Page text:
War by other means in Iraq
Today the Iraqi people went to vote on whether to approve the draft constitution. The only major disruption was an electrical blackout in Baghdad, and hardly any bomb attacks were carried out. I'm confident that most Iraqis know what kind of future they want for their country, and it does not include murderous thugs from the Ba'ath Party or Al Qaeda. Sunday's Washington Post has the reactions of various Sunni people, many of whom fear the proposed constitution will leave their country divided. Au contraire. Even if the constitution does not receive strong popular support, the fact that the Iraqi people are getting used to expressing their will in a peaceful way constitutes, ipso facto, a major victory in the long-term war against Islamo-fascism. Ironically, the armed might of the United States is of secondary concern right now, as Iraq tries to substantiate the age-old liberal (!) hope that "the pen is mightier than the sword." The sight of brave Iraqi citizens proudly showing their ink-stained fingers after casting their ballots is one of those special heart-warming occasions that remind us what all the sacrifices have been for. Any comment from Cindy Sheehan?
Offensive in west Iraq
U.S. Army forces launched an offensive in western Iraq two weeks ago, and the Iraqi government has now established firm control over the towns of Haditha, Haqlaniyah, and Barwana. The name "Operation River Gate" refers to the Euphrates River, which is apparently being used as a covert conduit. See Belmont Club for more.
It is no coincidence that this offensive, like the one in Tall Afar last month, took place very close to the Syrian border. I would bet that U.S. agents and/or Special Forces teams are already operating across the border in Syria, disrupting the flow of supplies and recruits to the resistance forces. Syria has already been identified as a rogue regime, and we are at war against fascism in the region, so it makes perfect sense. The suicide committed by the Syrian interior minister, who was implicated in the assassination of the Lebanese Prime Minister Rafiq Hariri back in February, is a sign that the regime of Bashar Al-Asad may be beginning to crack.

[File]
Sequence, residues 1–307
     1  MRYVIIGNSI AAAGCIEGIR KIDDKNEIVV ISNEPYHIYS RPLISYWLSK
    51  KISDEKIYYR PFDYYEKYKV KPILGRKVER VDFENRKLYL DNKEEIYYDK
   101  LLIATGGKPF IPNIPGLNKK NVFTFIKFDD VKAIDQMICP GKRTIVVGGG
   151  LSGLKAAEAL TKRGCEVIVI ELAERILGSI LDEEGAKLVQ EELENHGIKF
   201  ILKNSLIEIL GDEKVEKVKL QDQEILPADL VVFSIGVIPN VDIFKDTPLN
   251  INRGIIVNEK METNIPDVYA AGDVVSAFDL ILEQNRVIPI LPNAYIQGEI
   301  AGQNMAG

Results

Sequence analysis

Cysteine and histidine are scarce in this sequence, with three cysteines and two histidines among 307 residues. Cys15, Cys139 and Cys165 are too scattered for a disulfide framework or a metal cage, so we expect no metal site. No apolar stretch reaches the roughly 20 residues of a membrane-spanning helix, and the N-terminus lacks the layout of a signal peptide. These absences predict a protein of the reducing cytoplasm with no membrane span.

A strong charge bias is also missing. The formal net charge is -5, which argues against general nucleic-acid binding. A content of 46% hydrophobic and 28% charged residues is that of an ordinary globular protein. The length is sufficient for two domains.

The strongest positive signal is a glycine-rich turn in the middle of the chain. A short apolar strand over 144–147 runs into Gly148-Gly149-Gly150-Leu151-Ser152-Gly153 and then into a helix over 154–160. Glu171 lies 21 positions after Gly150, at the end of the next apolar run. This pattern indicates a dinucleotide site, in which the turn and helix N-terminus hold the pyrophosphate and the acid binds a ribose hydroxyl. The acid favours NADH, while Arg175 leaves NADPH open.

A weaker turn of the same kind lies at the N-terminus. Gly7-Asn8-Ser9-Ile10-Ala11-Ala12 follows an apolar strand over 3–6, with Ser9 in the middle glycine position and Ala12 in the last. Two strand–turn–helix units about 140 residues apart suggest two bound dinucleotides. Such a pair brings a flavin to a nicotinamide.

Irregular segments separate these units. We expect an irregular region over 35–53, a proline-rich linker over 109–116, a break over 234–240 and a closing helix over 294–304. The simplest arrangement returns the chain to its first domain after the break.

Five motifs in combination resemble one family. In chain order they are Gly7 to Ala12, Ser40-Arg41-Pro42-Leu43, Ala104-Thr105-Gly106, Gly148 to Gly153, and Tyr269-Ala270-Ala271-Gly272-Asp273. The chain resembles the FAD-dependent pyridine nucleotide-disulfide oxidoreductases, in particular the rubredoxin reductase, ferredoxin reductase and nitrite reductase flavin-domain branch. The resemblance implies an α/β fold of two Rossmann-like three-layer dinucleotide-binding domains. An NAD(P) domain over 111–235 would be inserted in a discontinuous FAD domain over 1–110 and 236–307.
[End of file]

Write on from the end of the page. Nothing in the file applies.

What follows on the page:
Bush talks to troops
The television news reporters jumped all over the rehearsed responses by U.S. soldiers in preparation for their chat on Friday with the Commander-in-Chief, but there is no indication that they were coached on what to say. It's amusing, because The Today Show, GMA, and the CBS Morning Show all routinely let their guests rehearse, which is obvious from the rapid, to the point delivery they universally give in response to questions. For the perspective of an Army medic who was there (in Iraq), see: 278medic. (via Instapundit) Read it, and you'll agree, Katie Couric should be ashamed of herself.
Is Al Qaeda failing?
A letter purportedly from Al Qaeda's number two man, Ayman Zawahiri, criticized Iraqi terrorist Abu Musab Zarqawi for alienating the Islamic world by engaging in gruesome mass murder against other Muslims. It was intercepted by U.S. agents. Zawahiri expresses frustration that Al Qaeda's strategic goals are being thwarted by inappropriate tactics by insurgents in Iraq who are beyond his control. That is one of the downsides of resorting to terrorism: Like nuclear weapons, it is an extreme measure that can easily get out of hand without achieving the desired objectives. See Washington Post.